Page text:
Sorry we didn't use your photos, as
the quality wouldn't be so clear in black and white. We'll try
to get them on 'Lectronic Latitude.
In response to the Top Ten Tips For Diesels in the April edition, I would like to add a comment, hoping to perhaps help some sailors in the future.
I have been in the electronic industry for more than 50 years, and have worked on automotive and boat electrical systems. I want to talk about troubleshooting bad starters and solenoids. If you have a starter motor that will not turn over, the best test is with a voltmeter. If you measure 12 volts, the starter is bad. Most likely it will be good, and you'll see no or just a little movement on the voltage scale. (It's best not to use a digital voltmeter, although they will work all right. Be sure you find a good, solid ground connection for the negative meter lead before measuring.)
If the starter is not bad, then you have to work backwards to the starter solenoid and repeat the measurement at the input and output of the solenoid. Some starters have the solenoid mounted on the starter, and have to be opened to test. When you attempt to start the engine, you may hear the solenoid 'click', which might help you locate it. If the solenoid is bad, you can start the engine by jumping the starter with a jumper cable - # 6 or larger - but there will be lots of sparks if you don't do it right.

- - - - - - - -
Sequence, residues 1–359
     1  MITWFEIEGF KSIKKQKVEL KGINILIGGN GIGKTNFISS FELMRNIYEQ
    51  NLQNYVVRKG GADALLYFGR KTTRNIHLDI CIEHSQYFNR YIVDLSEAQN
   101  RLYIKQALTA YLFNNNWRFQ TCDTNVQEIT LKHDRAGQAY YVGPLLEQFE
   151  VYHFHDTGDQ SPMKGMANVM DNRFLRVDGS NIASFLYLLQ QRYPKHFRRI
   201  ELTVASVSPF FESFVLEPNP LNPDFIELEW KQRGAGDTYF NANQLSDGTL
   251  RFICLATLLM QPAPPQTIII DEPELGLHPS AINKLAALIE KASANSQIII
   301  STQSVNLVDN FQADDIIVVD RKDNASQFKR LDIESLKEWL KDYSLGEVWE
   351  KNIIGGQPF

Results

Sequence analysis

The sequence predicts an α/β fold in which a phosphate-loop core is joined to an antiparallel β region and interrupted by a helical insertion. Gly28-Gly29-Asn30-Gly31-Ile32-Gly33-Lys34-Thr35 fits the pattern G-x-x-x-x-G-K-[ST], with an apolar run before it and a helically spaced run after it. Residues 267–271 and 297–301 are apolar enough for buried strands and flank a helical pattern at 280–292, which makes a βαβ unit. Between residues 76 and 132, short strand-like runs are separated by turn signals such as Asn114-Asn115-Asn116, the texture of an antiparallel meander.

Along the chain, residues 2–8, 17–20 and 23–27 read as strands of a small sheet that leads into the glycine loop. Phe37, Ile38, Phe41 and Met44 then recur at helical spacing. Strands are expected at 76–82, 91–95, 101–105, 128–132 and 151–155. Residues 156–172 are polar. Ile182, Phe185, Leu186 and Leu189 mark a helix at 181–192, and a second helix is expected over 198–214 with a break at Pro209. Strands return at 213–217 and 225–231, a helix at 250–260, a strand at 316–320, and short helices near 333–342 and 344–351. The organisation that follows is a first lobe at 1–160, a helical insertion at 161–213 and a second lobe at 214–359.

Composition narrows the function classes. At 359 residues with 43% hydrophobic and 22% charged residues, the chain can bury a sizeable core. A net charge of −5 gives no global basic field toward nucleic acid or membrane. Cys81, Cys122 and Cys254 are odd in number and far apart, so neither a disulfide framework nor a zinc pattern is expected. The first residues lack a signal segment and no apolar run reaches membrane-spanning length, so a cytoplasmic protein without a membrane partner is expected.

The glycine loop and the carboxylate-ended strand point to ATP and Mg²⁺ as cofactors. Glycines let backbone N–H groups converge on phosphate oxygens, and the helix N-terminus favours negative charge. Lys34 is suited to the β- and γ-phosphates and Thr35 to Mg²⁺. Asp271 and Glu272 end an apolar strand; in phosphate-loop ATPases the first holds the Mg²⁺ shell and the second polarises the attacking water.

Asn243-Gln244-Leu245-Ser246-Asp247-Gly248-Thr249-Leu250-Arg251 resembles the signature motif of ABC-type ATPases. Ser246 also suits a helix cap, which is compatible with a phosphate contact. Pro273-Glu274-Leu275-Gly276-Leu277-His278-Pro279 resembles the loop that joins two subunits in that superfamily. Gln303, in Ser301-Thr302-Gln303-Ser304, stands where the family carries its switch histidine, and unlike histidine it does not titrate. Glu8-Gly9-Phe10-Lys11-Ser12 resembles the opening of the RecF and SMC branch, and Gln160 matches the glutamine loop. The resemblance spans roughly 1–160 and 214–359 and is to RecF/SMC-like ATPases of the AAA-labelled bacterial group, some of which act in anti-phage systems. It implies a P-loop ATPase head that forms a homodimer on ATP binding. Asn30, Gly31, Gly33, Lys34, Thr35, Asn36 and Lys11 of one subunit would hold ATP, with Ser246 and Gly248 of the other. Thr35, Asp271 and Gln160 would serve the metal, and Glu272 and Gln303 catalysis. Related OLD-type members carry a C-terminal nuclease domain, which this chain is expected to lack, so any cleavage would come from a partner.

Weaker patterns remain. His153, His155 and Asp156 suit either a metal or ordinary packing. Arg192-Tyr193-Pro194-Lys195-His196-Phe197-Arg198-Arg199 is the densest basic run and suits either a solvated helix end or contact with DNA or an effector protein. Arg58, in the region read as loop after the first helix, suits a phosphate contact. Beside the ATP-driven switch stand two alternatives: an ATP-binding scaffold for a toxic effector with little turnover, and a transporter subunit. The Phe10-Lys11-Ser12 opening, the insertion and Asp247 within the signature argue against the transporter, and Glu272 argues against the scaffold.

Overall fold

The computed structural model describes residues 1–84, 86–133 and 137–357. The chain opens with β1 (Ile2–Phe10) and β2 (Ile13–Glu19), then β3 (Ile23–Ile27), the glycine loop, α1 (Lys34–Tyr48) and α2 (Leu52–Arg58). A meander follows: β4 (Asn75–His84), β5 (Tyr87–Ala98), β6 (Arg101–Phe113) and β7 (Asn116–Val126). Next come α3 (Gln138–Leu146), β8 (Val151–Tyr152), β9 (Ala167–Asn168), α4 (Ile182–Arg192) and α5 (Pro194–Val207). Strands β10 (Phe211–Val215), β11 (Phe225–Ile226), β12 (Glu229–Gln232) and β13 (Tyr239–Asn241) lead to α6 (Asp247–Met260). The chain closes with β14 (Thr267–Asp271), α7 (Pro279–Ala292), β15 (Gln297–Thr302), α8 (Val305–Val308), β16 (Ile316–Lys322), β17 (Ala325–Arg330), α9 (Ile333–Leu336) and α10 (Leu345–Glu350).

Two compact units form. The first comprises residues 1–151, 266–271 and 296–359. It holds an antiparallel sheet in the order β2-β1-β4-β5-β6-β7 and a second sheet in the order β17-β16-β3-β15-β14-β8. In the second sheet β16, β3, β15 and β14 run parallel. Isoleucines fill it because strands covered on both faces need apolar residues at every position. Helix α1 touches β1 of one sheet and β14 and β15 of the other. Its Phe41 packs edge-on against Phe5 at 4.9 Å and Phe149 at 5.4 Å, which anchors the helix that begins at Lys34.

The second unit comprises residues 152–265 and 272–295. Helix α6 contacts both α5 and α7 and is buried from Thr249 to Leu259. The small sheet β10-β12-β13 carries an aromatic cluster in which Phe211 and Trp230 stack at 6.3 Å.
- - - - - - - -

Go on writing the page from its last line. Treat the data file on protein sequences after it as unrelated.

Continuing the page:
Thanks to the laws of physics, there is always a logical explanation to those mysterious electrical problems.
I love Latitude, and have not missed more than a few issues in the past eight years. Great!
Cal - Funny you mention starter/solenoid
problems, as they have periodically been plaguing Profligate's starboard engine for the last year
or so. On numerous occasions we've tested the starter and solenoid,
and even replaced both of them. And we've gotten really good
at hopping into the engine room and jumping the solenoid with
a quarter. Yes, there have been some exciting sparks. Nonetheless,
about every 30 start attempts, particularly if the boat hasn't
been used in a couple of weeks, it won't start. After we jump
it with a quarter, or replace the solenoid, it may or may not
work reliably again. We have the same setup on the port engine
- although it's 30 feet closer to the ignition switch - and it's
never failed in over 1,000 attempts. What's the logical explanation
for our problem?
Can I tell you some things? I have a friend who bought a boat that is so big and so expensive that it almost obscures the fact that he is a drunk. Remember, an alcoholic is one who attends meetings. Ever had to pull someone out of the water and back onto his own boat? I have. Ever saved a drunk's life? I have. Ever saved a guy's boat from hitting the rocks because he didn't learn how to sail well enough to turn off the motor, then ran out of fuel, and did a 'dead stick' landing at the fuel dock? I have.
It's stressing to deal with drunks. I wish they all would go to AA and just get control of their overindulgence so that they are safe. I don't care how much money they have.
Unsigned - It makes no difference how
rich or poor a person is, nor whether they have an El Toro or
a 100-footer, alcoholism is a terrible illness. If you're a family
member or best friend of an alcoholic, you need to consult with
experts to get this person - and yourself - some help. If you're
just an acquaintance, you'd probably be better off finding some